The room is dark,
the blankets heavy on my closed eyelids.

In this illusion of safety I create,
it still makes its way through.

The laughter.

The deafening crescendo that persistently
punches through my haven of self-inflicted silence,
rouses my frail, trembling hands to my assaulted ears;

Every hurl hitting with a stab of pain,
arrows piercing through the armor of an isolated warrior too badly wounded to defend.

Laughter has always been been associated with happiness, I believe,
of the sounds of joyful merrymaking,
children playing on the streets.

Yet what was meant to fill the heart with joy, only fed it poison;

A queer kind of poison,
concocted from pats on the back and whispers–

“It’s just a joke.”

Shall I tell you a joke of mine?

It’s really funny, this one.

See, there were many characters;
but the protagonist was me.

First scene.
On the grimy floor, bound and gagged, naked,
Straight out of a thirteen-year-old’s wet dream.

Second scene.
They stripped me first.

Slow and tauntingly,
savoring the fear and pleading from my
tear-wretched face,
until impatience took over
and ripped everything off not unlike wild beasts;
ferocious, growling for fresh meat.

But wait, I’m just getting to the good part.

Third scene.
The good part was when I started screaming.

They formed a neat little line; the orderliness was kind of impressive.
First one up stepped forward,
and smiled,
and disregarded my humanity with one fell thrust.

And when it started, it never stopped.

Fourth scene.
My screams, drowned out,
as they penetrated over and
over again.

One after another,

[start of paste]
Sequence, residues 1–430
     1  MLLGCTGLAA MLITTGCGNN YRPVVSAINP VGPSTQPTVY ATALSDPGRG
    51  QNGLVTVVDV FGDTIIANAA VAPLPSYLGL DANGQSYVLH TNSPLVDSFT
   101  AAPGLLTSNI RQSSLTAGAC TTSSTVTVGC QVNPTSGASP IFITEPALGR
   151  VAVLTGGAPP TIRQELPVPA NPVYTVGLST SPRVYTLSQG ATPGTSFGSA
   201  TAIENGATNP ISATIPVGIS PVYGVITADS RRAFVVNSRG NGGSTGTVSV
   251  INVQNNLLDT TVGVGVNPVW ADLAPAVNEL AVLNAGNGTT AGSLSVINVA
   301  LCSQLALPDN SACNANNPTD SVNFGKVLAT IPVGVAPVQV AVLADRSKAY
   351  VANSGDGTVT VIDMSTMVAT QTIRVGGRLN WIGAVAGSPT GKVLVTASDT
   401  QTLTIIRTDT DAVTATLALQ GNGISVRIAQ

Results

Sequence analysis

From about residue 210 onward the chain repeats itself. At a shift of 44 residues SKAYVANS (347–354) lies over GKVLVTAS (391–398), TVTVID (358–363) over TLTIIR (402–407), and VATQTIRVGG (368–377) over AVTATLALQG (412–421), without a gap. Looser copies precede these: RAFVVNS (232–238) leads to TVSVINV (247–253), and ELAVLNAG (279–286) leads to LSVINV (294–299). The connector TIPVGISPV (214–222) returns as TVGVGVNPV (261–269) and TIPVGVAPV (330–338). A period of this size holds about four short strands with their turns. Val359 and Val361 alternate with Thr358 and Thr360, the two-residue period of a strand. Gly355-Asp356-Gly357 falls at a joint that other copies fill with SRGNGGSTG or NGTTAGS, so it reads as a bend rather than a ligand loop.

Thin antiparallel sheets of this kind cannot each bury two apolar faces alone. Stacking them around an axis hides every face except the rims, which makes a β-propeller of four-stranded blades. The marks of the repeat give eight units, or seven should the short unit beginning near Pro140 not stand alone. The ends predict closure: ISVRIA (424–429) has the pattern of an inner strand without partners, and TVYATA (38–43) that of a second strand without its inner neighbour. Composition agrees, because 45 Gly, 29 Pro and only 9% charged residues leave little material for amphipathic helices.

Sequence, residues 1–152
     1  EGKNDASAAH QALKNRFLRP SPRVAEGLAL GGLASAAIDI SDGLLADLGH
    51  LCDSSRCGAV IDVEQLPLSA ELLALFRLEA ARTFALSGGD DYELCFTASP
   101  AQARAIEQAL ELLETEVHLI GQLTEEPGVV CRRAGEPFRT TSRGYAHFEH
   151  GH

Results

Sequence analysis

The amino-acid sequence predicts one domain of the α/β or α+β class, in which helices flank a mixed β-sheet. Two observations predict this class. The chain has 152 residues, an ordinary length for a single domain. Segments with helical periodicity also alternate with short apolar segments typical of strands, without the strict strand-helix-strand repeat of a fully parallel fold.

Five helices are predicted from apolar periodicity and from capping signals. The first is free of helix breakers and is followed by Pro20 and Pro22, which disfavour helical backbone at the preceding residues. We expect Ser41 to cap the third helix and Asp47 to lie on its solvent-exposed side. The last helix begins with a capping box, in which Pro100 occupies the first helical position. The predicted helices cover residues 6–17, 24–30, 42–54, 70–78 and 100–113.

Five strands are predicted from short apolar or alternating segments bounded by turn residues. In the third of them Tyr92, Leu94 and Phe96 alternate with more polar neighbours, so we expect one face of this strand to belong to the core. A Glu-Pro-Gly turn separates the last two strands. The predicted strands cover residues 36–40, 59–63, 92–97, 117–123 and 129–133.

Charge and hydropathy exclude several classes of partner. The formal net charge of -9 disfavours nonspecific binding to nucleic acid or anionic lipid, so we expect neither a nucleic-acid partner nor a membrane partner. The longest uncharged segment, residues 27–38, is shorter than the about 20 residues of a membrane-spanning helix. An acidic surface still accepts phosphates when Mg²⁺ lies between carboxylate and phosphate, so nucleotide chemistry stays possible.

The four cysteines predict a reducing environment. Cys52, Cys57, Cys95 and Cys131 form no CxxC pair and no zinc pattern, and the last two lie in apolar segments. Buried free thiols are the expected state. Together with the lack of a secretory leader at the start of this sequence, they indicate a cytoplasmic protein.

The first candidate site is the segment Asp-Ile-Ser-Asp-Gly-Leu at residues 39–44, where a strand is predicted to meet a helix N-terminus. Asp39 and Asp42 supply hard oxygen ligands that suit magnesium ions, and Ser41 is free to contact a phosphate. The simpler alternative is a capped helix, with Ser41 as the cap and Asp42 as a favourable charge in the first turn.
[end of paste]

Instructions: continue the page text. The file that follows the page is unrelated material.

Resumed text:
they dug into me with the crudest weapons of their masculinity.

They sullied me.
They claimed me.
They violated and ejaculated on every part of my being until there was
nothing left of me.

Until I could hear nothing but amused snickering and skin slapping on skin.
Until I could taste the semen in my throat, where it would linger for months and years.
Until I’d lost the will to scream.
Until the only option left was to close my eyes,
wishing, wishing, wishing
for someone, anyone,
to please, please, please, please, please, please take me away.

But no one did.

Until it was too late.
Until the light had long gone out of my eyes.

It’s funny, isn’t it?

If you ask me, the funniest part is when I was robbed.
Robbed not of the tiny tissue that I was told was the patriarchal definition of my virginity,
(a.k.a. my identity as a human being),
but of the right I thought I had to my own body!

But I’m sure it must have been amusing for them to pretend I was a lesser being,
for having a hole to be filled.

For being merely a hole to be filled.

So go ahead,

Or maybe it’s not funny enough, coming from a stranger.
Perhaps because you don’t even know my name.
Perhaps because I’m not your wife, your daughter, your mother.
(Would it be funny then?)
Perhaps because I’m nothing if not a man’s wife, a man’s daughter, a man’s mother.

Perhaps because the joke’s not funny if it’s a woman who tells it.
Perhaps because the joke’s not funny if it’s the woman who tells it.

Final scene.

The room is still dark,
the blankets still heavy on my closed eyelids.

The deafening crescendo goes on.

– “Dapat Mayor ang Mauna”



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